Kim Kardashian has found herself in a new lawsuit filed by a small, Black woman business owner. According to TMZ, she’s being sued for trademark infringement for her skincare line SKKN+.
The Initial Cease And Desist Letter
Cydnie Lunsford, the founder of Beauty Concepts, is alleging that Kardashian stole the name of their salon services named SKNN+.
Before the lawsuit began, Lunsford hit Kimsaprincess — her corporation — with a cease and desist last year. The letter came in after Lunsford and Kardashian went to trademark the name, which the former has used since 2018. In addition, she made it into the trademark office two days before the reality TV star did. At the time, Kardashian’s lawyer Michael G. Rhodes stated that he was “hopeful that we can smooth things over once both sides speak,” in regard to the cease and desist.
The Trademark Battle Continues
Four years later, Beauty Concepts has moved on to a lawsuit instead. The small Black-owned business appears to not be going down without a fight despite Kardashian’s big celebrity status. Lunsford’s brand alleges that the Kardashian’s skincare line launch is causing confusion for her customers, as well as noting the difficulty of running a business of her size while surviving the pandemic.
Rhodes isn’t buying Lunsford’s allegations since “running a small esthetician business in Brooklyn does not give it the right to shut down a global skincare line.”
Kim Kardashian’s Attorney, Michael G. Rhodes On The Lawsuit
“We applaud Ms. Lunsford for being a small business owner and following her dreams. But that doesn’t give her the right to wrongfully claim that we’ve done something wrong. In its letter, Beauty Concepts claimed to own rights to a logo made up of SKKN+, and had just filed for trademark protection for that logo. The business was a one-person shop offering facials from a single Brooklyn location. The salon had no signage and was by appointment only. To our knowledge, Beauty Concepts sold no products under the SKKN+ name.”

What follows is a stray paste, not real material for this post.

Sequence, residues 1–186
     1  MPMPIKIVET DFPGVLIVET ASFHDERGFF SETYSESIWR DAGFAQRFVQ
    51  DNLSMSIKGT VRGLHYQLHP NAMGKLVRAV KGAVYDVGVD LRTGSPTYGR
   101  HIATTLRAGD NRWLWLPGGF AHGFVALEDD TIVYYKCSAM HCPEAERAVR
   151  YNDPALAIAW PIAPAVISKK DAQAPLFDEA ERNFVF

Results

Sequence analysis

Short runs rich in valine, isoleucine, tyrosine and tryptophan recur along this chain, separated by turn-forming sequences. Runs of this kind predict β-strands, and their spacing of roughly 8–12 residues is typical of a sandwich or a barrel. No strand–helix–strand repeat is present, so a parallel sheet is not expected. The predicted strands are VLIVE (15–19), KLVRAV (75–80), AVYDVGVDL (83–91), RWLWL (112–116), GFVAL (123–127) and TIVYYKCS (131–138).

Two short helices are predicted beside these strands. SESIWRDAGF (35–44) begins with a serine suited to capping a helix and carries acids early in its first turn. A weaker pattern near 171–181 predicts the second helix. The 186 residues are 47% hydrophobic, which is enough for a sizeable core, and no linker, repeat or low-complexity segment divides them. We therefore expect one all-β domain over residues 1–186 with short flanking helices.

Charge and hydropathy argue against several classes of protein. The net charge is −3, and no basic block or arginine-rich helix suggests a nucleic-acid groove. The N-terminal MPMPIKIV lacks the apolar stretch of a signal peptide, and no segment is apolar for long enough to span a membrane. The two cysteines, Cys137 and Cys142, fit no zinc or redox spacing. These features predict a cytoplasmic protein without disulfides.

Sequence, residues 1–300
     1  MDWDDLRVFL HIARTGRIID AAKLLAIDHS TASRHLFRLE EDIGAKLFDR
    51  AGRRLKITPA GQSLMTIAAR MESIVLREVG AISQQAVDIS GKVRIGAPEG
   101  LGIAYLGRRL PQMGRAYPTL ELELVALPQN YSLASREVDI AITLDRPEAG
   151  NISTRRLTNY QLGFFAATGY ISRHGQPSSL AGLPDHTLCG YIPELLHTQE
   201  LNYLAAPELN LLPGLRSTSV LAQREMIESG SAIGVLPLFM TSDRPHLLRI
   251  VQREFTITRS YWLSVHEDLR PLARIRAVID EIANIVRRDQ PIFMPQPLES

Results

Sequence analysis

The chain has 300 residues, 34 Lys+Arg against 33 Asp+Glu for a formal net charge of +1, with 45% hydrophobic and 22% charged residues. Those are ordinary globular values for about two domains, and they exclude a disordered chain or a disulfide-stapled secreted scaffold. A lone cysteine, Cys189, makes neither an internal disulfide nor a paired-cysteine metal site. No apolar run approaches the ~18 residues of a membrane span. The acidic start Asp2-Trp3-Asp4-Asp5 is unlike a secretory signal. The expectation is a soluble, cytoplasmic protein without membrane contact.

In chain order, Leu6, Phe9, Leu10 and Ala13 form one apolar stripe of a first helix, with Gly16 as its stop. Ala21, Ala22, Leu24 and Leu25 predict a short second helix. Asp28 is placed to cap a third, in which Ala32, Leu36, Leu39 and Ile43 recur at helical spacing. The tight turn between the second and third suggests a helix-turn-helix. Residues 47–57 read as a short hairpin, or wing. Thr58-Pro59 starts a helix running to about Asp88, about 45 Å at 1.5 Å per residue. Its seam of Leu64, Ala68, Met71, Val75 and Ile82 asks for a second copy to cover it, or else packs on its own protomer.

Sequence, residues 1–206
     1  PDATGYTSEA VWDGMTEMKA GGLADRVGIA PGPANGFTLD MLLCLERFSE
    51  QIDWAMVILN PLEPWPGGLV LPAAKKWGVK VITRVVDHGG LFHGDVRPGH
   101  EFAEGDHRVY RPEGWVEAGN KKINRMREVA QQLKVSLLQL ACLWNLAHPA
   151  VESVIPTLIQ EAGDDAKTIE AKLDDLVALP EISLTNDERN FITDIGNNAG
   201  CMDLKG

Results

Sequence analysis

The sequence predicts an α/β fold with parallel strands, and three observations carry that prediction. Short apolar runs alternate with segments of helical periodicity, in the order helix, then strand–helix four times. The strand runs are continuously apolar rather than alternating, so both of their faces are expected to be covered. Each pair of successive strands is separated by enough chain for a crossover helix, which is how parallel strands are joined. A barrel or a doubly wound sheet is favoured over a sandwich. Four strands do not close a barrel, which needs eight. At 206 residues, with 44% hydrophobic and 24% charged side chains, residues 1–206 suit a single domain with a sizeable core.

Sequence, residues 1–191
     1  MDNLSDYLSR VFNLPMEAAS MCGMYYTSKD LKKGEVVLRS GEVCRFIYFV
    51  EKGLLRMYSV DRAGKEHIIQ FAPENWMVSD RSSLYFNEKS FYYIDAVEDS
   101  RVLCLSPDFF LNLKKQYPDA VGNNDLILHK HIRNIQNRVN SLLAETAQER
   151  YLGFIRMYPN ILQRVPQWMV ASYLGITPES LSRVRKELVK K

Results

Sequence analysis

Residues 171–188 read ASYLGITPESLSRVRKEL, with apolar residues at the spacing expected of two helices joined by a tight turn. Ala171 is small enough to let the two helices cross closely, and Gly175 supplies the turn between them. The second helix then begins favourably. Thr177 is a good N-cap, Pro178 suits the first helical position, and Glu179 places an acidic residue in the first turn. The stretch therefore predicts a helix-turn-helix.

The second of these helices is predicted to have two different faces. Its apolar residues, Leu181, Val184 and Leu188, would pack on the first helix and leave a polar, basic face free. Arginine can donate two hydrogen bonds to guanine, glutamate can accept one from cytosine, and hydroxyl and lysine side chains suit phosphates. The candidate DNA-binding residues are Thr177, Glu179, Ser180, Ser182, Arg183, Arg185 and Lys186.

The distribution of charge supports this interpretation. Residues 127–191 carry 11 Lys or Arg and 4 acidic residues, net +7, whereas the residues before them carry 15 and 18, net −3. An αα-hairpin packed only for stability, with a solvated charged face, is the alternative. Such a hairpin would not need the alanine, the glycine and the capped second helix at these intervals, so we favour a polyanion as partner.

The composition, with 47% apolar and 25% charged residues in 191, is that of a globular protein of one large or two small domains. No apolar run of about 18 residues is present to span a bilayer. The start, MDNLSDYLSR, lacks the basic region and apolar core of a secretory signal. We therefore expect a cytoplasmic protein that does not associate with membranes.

He continued: “Beauty Concepts asked that we drop the SKKN name. Of course, we said no. Beauty Concepts then challenged Ms. Kardashian’s trademark applications at the USPTO. Unsurprisingly, the USPTO rejected Beauty Concepts’ own SKKN+ mark saying that ‘skkn’ just means ‘skin.’ Undaunted, Beauty Concepts then tried to make its business seem more than it was — it leased a new storefront, changed its website, etc.”
Does Cydnie Lunsford Have A Chance To Win The Lawsuit?
As the lawsuit progresses, only time will tell if Lunsford will be able to claim victory over the trademark.
“I have painstakingly built my successful small business with my own sweat equity, hard work, and research. It’s clear that I established my brand first,” Lunsford previously shared with Forbes. “As a young black woman, my mission with SKKN+ is to provide quality skin care and curated full-body experiences to enhance each client’s self-care regimen. The (+) represents a hands-on transformative aesthetic experience that elevates the body, mind, and spirit.”
But while the status of the case is pending, it’s worth noting the track record for Kardashian’s new brand. A report by Glamour covered the controversy of not only her line’s name being similar to Lunsford’s but also Lori Harvey’s SKN by LH — another Black-owned beauty brand.